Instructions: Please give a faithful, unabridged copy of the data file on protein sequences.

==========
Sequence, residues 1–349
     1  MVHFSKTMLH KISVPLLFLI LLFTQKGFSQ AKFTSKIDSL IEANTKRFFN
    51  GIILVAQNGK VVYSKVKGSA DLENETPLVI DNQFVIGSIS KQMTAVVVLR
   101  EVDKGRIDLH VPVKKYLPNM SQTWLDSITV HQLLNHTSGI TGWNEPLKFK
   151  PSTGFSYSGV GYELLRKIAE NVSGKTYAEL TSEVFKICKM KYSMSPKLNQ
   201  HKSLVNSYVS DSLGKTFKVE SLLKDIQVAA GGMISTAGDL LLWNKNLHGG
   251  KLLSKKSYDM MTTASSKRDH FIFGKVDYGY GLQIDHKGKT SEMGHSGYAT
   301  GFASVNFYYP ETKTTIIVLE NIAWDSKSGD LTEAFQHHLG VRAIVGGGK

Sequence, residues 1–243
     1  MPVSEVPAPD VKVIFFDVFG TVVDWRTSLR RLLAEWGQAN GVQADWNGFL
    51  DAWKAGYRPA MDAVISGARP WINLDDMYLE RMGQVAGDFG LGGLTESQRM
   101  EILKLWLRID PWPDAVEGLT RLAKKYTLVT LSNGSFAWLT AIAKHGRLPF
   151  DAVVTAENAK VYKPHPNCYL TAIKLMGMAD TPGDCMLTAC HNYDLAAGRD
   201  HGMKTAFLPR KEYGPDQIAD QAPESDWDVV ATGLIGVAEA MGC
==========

Sequence, residues 1–349
     1  MVHFSKTMLH KISVPLLFLI LLFTQKGFSQ AKFTSKIDSL IEANTKRFFN
    51  GIILVAQNGK VVYSKVKGSA DLENETPLVI DNQFVIGSIS KQMTAVVVLR
   101  EVDKGRIDLH VPVKKYLPNM SQTWLDSITV HQLLNHTSGI TGWNEPLKFK
   151  PSTGFSYSGV GYELLRKIAE NVSGKTYAEL TSEVFKICKM KYSMSPKLNQ
   201  HKSLVNSYVS DSLGKTFKVE SLLKDIQVAA GGMISTAGDL LLWNKNLHGG
   251  KLLSKKSYDM MTTASSKRDH FIFGKVDYGY GLQIDHKGKT SEMGHSGYAT
   301  GFASVNFYYP ETKTTIIVLE NIAWDSKSGD LTEAFQHHLG VRAIVGGGK

Sequence, residues 1–243
     1  MPVSEVPAPD VKVIFFDVFG TVVDWRTSLR RLLAEWGQAN GVQADWNGFL
    51  DAWKAGYRPA MDAVISGARP WINLDDMYLE RMGQVAGDFG LGGLTESQRM
   101  EILKLWLRID PWPDAVEGLT RLAKKYTLVT LSNGSFAWLT AIAKHGRLPF
   151  DAVVTAENAK VYKPHPNCYL TAIKLMGMAD TPGDCMLTAC HNYDLAAGRD
   201  HGMKTAFLPR KEYGPDQIAD QAPESDWDVV ATGLIGVAEA MGC